The Life Enrichment lectures are always interesting, captivating and---well---life enriching with their eclectic variety of topics. One time it might be a presentation by someone who had sailed around the world in a two-man sailboat and the next time the talk and slide show might be presented by someone who had walked across America, or who weaves, dyes and collects handmade fiber-art. This month’s lecture was presented by a guy who writes travel and history books about out-of-the-way places, festivals and small towns in Michigan. Today his talk was focused on oddities and rarities around the state and he sure made us laugh enough times to make us all go home feeling uplifted and happy. Cookies from Trader Joe's did a lot to cure my cabin fever as well. I could throw a sleeping bag under one of their display tables and happily live there for the rest of my life. I’m glad I have to travel a couple of hours to get to a Trader Joe's. If not, I’d be fat enough to sit in an off-the-midway circus tent collecting quarters from kids who've come to gawk.
One of the mysteries Mr. Rademacher talked about was an object that was found in a copper mine up north in 1801 and eventually ended up in a tiny town museum marked ‘unknown tool’. Two hundred years after it was found, a professor from Chicago came through the museum and asked if he could borrow the curious object. His wish was granted and he sent the tool to a Vikings ship museum in Norway and, yup, he was right. It was authenticated as a circa 890 AD Vikings ship building tool only used in one small, isolated place on earth. Did Gokstad Vikings ships ever sail the Great Lakes and maybe one got ship wretched near the mining area? Who put the tool down in the mine? How did a six-seven inch long, square shaped stone with one end wrapped in metal that was pegged in place survive for so many centuries without someone throwing it away? Every object tells a story and every life enrichment lecturer has an interesting object in their arsenal to act as seed for thought.
Life Enrichment. When you google the topic you’ll find a lot of stuff aimed at senior citizens like me. Some call it social-therapy. You know, get the old people out of their houses where they have opportunities for socializing and learning, for exchanging "person-centered philosophy" (is there any other kind?) and to find benchmarks to use to measure our involvement in life up against. Yadda, yadda, yadda. When I was younger we called them leisure time classes but, now, be a senior citizen taking a tai chi or quilting class or going to a lecture and you’re enriching yourself. Why can’t some people just be life-long learners without having to put a new shade of lipstick on the same pig every couple of decades?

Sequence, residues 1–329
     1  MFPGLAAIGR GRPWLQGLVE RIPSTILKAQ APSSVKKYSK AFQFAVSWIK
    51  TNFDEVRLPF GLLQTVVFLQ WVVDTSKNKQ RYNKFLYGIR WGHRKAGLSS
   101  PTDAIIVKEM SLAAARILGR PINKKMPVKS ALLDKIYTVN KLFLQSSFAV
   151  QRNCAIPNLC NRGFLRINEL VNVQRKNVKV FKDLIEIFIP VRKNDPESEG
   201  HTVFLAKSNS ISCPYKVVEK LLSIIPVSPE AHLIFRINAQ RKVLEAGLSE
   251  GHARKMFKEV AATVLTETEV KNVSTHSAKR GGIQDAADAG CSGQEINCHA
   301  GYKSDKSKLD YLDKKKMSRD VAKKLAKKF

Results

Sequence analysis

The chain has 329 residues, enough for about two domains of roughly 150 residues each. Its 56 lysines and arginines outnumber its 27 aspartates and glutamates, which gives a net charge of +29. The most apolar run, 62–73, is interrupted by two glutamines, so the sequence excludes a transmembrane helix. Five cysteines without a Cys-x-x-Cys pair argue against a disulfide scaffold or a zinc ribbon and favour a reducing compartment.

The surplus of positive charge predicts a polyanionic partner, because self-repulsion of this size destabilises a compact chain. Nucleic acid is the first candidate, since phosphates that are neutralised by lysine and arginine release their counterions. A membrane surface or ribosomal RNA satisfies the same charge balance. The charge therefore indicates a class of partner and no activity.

Later this afternoon, as I do often, I went to the Atlanta Zoo panda cam site and one of the mammal keepers had written: “It's always a fun experience seeing how different animals enjoy new enrichment like snow.” (As most of us know, Atlanta got one of their rare snowfalls this week.) The young twins were not allowed outside like the older pandas but the keepers brought them a pan of snow to play with inside their den and they took to the white stuff with enthusiasm. She said, “They were eating the snow and shoving each other’s faces in it.” When you think about it, that’s not much different than what we seniors were doing today with our enrichment. We ate it up like you’d expect people suffering with cabin fever to do and after the lecture was over we oohed and aahed over the rare and odd things we’d just heard as we milled around shoving cookies in our faces. ©